What was supposed to be a routine medical check-up three months ago turned out to be a wake-up call for ex-national youth bowler Sam Chua.
Back in May, the 1.65m-tall Chua - who then weighed 135kg - was told by a doctor that his blood pressure was higher than normal.
"The news hit me hard, even though my condition wasn't life- threatening and I didn't need to be on medication at the time," said the 31-year-old financial planner with life insurance group Great Eastern.
He had let things slide via "a combination of a lack of exercise and an uncontrolled diet of junk food" while studying in Australia in 2006.
Spurred into action, he lost 10kg in three months by cutting back on soft drinks and carbohydrates while going for twice-weekly brisk walks that lasted 5km or an hour each time.
Now, the bachelor is aiming to push himself harder by brisk walking at the 10km race at the Safra Bay Run tomorrow.
"The 10km race will be taxing on my body because I'm top-heavy and my legs may not be strong enough to take the stress of moving across such a long distance," said Chua, who represented Singapore in bowling from 2000 to 2003.
"But I am pressing on because I got to push myself and see where my limits are to know how much more I can improve."
He weighed 75kg when he completed his national service as a storeman. Then, he clocked 10km runs daily at his military unit.
But when he piled on the kilos, he was not bothered by the shocked reactions of friends who had not seen him in a long time. His fitness had deteriorated to the level where a simple task like climbing a short flight of stairs left him panting hard.
He was equally breathless when he played badminton.
The doctor's diagnosis made him decide to change his lifestyle.
Chua's newfound dedication to fitness has surprised close friend and training partner Sherazzin Ismail, who will walk the full 10km with him tomorrow.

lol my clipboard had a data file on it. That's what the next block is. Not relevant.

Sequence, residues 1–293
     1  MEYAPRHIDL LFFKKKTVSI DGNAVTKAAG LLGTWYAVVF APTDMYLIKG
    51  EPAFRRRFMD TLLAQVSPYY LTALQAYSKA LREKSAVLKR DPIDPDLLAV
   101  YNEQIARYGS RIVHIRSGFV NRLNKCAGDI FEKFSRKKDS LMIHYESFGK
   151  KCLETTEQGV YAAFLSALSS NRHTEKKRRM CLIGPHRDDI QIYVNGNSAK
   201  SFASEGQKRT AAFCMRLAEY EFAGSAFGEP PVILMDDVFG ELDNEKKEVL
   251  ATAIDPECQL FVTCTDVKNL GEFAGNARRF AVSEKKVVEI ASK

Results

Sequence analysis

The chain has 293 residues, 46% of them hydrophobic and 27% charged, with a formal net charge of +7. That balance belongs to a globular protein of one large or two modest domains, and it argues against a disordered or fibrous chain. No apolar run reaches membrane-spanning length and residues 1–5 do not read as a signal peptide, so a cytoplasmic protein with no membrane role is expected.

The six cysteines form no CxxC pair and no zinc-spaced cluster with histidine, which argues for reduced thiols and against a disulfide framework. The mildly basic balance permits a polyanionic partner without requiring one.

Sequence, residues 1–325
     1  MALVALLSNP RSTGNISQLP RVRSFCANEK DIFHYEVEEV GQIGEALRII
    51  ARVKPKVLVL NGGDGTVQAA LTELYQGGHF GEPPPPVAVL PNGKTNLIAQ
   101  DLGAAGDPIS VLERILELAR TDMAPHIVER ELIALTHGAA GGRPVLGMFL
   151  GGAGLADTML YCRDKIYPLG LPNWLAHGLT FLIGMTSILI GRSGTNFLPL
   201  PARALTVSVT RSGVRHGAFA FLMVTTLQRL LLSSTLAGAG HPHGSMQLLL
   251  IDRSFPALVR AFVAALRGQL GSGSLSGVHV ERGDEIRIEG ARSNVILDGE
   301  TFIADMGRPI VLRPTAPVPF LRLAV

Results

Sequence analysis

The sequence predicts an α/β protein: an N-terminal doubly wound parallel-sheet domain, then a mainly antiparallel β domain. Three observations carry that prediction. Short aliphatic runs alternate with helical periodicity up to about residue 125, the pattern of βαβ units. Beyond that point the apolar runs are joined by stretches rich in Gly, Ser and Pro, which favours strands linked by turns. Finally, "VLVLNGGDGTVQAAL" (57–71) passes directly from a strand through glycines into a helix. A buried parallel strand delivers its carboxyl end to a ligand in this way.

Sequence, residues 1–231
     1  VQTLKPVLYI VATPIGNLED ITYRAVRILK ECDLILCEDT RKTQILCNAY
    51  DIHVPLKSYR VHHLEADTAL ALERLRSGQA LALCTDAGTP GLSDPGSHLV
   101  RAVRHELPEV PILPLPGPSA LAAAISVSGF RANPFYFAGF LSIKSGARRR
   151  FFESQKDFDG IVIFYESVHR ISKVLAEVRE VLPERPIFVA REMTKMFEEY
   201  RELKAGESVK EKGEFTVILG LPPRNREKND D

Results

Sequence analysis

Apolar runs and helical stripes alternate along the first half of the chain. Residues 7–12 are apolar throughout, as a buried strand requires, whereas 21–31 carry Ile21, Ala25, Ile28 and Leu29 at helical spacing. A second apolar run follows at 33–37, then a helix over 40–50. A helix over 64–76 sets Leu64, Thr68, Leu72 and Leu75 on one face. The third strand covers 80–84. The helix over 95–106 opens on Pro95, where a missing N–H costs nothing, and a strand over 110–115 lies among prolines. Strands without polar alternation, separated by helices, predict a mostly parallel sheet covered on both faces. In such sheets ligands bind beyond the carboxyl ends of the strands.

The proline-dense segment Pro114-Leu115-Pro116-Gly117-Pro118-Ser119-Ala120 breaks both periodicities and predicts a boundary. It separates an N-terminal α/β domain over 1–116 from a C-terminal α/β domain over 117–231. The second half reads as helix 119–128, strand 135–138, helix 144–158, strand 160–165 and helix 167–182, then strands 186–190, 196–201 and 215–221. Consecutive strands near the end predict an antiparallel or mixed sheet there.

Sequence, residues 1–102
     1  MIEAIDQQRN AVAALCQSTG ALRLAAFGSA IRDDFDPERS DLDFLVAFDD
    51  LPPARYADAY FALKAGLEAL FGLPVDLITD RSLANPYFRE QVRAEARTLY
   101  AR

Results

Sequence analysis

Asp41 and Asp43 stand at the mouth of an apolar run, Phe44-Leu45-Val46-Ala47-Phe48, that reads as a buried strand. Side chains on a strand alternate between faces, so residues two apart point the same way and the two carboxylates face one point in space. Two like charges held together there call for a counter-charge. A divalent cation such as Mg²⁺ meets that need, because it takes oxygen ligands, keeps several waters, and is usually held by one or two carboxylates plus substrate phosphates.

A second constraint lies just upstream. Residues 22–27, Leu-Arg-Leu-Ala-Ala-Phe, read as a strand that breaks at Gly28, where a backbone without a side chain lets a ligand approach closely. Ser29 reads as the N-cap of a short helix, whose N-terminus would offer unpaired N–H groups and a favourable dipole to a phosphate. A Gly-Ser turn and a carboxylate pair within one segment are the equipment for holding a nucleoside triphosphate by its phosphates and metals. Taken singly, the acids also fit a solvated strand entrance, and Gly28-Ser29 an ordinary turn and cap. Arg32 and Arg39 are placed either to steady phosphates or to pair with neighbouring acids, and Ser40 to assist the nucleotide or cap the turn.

"I didn't believe it at first when I realised Sam had transformed from someone who would rather laze at home into a motivated individual who's proactive about changing his life," said Sherazzin, a 34-year-old banking executive who started exercising in June last year after learning he had diabetes.
"He even joined his friends in playing football every fortnight after joining me in brisk-walking once a week."
The change was something Chua did not expect either.
After all, he did try to lose weight once, when he hit 90kg. He tried going on a diet, but then gave in to temptation when friends constantly asked him out for supper.
But Chua now says he has the full support of family and friends who have pushed him to sign up for the 10km challenge.
His goal now is to bring his weight down to 90kg again by the end of the year before pushing on to his ultimate target of 75kg.
"I'm tired of how I look and feel right now, and how I have an entire wardrobe of old clothes that I'd very much want to wear but can't fit into now," said the bachelor.
"The only way to do that is to go back to being 75kg again."
This article was first published on August 30, 2014
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